Society exists for man, not man for society. The sole legitimate purpose of society is to serve the needs and advance the aspiration of the individual. Only by doing so can it justify its existence and be an aid to progress and culture. The political parties and men savagely scrambling for power will scorn me you as hopelessly out of tune with our time. Admit the charge. Find comfort in the assurance that their hysteria lacks enduring quality. Their hosanna is but of the hour. Man's yearning for liberation from all authority and power will never be soothed by their cracked song. Man's quest for freedom from every shackle is eternal. It must and will go on.

Hamilton

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Re: Legal Reasoning
« Reply #502 on: September 07, 2011, 08:45:38 AM »
Wasn't he a forward for the Edmonton Oilers back in the day?

Friedrich Nietzsche called the State a cold monster.

schoo

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Environmental Determinism: Marxism
« Reply #503 on: October 07, 2011, 08:22:22 PM »

[...] We know too little, and may never know enough, of human psychology to weigh and measure the relative values of this or that factor in determining man's conduct. To form such dogmas in their social connotation is nothing short of bigotry; yet, perhaps, it has its uses, for the very attempt to do so proved the persistence of the human will and confutes the Marxists. Fortunately even some Marxists are beginning to see that all is not well with the Marxian creed. After all, Marx was but human - all too human - hence by no means infallible. The practical application of economic determinism in Russia is helping to clear the minds of the more intelligent Marxists. This can be seen in the transvaluation of Marxian values going on in Socialist and even Communist ranks in some European countries. They are slowly realizing that their theory has overlooked the human element, den Menschen, as a Socialist paper put it. Important as the economic factor is, it is not enough. The rejuvenation of mankind needs the inspiration and energizing force of an ideal.


Karl Marx is a prominent example of a socialist committed to environmental determinism. He called his perspective "scientific socialism," because he believed that his analysis was based on immutable economic and social laws. He was convinced that social institutions and even human nature itself were shaped by economic forces. If economic conditions changed, human nature would change accordingly. In Marx's view private property was the source of all the evils in human society, especially the oppression of the urban workers by the bourgeois capitalists. Private property thus spawned a class struggle in every age. Religion, morality, law, political structures, and other institutions and cultural factors were merely tools of the propertied classes to oppress the unpropertied masses.

Marx's primary motivation was not establishing human equality, though his socialist philosophy did militate toward greater equality. Rather Marx's primary concern was liberating humanity from oppression and tyranny. This is a laudable goal, and anyone who has read Marx's "Capital" or Friedrich Engels' "Condition of the Working Class" in 1844 should recognize that Marx had legitimate grounds for complaint. Many factory workers, not to mention the unemployed, lived in squalor and misery. Marx rightly criticized the dehumanizing effects of the Industrial Revolution. Nonetheless, when we examine the practices of Marxist regimes in the twentieth century, we see incredible oppression and tyranny. The quest for freedom was turned on its head. Why?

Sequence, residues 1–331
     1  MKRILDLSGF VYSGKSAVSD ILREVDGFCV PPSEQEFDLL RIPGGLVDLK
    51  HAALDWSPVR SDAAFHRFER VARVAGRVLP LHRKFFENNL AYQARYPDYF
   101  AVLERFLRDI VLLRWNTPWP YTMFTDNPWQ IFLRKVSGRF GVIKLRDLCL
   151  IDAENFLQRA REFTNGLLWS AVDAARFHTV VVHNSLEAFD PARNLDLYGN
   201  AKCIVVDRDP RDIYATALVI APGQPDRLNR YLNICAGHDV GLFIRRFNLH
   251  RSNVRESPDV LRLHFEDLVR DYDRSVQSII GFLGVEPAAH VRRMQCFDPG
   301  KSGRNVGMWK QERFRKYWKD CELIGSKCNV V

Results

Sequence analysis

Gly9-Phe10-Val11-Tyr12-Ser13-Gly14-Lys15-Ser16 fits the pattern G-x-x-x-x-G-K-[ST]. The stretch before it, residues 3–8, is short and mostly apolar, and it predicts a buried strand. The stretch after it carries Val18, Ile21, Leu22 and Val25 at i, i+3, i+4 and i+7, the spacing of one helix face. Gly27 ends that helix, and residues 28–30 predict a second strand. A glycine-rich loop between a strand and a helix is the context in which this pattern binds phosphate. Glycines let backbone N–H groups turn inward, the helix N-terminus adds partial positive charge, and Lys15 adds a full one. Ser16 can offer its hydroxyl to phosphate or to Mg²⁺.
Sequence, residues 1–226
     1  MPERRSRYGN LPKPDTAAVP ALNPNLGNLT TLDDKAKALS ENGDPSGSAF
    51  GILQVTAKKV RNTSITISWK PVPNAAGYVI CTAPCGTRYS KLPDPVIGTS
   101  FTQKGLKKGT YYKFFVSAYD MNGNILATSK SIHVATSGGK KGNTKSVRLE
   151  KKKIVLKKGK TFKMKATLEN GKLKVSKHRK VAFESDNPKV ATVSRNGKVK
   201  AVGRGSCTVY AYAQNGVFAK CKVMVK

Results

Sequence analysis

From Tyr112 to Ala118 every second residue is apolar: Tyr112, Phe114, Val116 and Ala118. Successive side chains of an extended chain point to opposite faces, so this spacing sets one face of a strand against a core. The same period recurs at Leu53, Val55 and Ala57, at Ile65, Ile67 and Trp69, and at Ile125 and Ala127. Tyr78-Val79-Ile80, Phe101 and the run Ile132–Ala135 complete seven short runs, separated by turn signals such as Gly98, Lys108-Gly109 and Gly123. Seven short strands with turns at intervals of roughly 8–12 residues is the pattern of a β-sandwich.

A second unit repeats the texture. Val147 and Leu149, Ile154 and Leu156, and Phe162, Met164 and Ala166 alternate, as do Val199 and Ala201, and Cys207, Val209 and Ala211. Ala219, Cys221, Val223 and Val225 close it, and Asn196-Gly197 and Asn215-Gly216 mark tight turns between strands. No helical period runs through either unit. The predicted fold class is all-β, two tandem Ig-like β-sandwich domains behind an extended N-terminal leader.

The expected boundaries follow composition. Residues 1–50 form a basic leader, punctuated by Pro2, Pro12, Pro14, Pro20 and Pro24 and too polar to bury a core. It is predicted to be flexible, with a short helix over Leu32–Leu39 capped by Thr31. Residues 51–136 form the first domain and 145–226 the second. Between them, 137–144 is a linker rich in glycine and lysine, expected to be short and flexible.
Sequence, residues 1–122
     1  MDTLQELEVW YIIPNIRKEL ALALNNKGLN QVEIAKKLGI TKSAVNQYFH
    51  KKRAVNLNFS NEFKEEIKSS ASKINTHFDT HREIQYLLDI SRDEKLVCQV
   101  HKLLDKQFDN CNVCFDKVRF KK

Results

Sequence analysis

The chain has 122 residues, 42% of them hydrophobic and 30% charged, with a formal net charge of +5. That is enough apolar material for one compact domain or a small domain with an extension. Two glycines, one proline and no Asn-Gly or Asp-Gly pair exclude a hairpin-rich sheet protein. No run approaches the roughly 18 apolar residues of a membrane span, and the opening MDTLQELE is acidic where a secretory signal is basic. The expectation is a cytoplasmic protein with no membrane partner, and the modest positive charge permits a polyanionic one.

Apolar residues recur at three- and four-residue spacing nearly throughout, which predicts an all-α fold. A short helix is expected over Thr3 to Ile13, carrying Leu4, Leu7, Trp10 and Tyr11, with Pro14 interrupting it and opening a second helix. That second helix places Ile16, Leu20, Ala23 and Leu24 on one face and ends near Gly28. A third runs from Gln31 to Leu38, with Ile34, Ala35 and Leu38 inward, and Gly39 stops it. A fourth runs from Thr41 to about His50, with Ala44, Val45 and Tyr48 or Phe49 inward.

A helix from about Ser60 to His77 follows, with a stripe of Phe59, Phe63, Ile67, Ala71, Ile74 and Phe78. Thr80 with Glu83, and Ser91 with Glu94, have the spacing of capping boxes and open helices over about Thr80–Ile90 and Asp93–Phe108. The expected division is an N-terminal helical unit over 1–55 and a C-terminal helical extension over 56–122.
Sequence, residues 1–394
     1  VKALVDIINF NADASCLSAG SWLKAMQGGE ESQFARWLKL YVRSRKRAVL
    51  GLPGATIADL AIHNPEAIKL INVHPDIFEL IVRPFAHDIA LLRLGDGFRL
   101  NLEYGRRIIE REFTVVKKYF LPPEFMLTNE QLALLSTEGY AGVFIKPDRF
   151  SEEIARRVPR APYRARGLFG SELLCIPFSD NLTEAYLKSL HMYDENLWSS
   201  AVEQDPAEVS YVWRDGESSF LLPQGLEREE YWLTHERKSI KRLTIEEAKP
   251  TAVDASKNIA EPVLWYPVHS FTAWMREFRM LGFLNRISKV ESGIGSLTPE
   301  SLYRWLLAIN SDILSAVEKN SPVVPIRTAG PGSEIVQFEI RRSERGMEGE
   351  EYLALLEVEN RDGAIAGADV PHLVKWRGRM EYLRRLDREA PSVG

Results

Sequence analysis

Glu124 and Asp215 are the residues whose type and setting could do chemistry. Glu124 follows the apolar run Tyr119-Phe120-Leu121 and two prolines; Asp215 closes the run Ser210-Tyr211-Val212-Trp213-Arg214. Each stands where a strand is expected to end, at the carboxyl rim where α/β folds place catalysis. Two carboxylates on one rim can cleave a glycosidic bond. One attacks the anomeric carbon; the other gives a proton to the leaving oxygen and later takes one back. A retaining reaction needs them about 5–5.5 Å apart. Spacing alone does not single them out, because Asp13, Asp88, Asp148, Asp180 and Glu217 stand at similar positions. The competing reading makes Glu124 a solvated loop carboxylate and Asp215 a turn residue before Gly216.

Largely because of Marx's faulty view of human nature. Neither Lenin nor Stalin nor Mao nor Pol Pot nor Castro nor any other Marxist leader could alter human nature by ridding their society of private property. Changing the economy could not bring about utopia, because human behavior is not determined solely by the economy. Marxist philosophy failed because it denied to humanity its spiritual character, its free will, and also the Christian insistence on original sin. Alexander Solzhenitsyn clearly depicted the Soviet problem with altering human nature in his novel, "One Day in the Life of Ivan Denisovich." In this novel the prisoners in the Soviet labor camp, who are supposedly being reeducated to become good Soviet citizens, continue to act as capitalists in any way they can, even while incarcerated. The protagonist expressed at one point that the Soviet regime simply could not change his nature.

schoo

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Enviromental Determinism - "Scientific" Study of Society
« Reply #504 on: October 07, 2011, 08:31:51 PM »
Often modern thinkers have masked the dehumanizing impact of their ideas by calling their philosophy "humanism" of one form or another, implying that their views exalt humanity. However, most attempts at exalting humanity have ironically resulted in diminishing humanity, demonstrating the biblical truth: "He who exalts himself will be abased."

After the waning of Romanticism in mid-nineteenth century Europe, many intellectuals embraced science as the sole arbiter of knowledge, including knowledge about humanity and society. The renowned, but quirky, French thinker Auguste Comte gained many disciples for his philosophy of positivism, which rejected any knowledge not obtained through empirical, scientific investigation (except, of course, this epistemological claim itself is not subject to empirical demonstration, so it seems to me that his epistemology is self-defeating). Comte hoped to initiate the scientific study of society, coining the term sociology for this endeavor. He was optimistic that a scientific study of humanity would lead humans to practice altruism, another term he coined. Though Comte considered all metaphysics, including religion, unknowable, he wanted to create a religion of humanity which would place humans on the highest pedestal. Most of Comte's disciples, such as John Stuart Mill, embraced his positivist epistemology but rejected his religion of humanity, especially in the ludicrous form he presented in his later writings (which involved many specific religious practices, including praying to a female that one admires).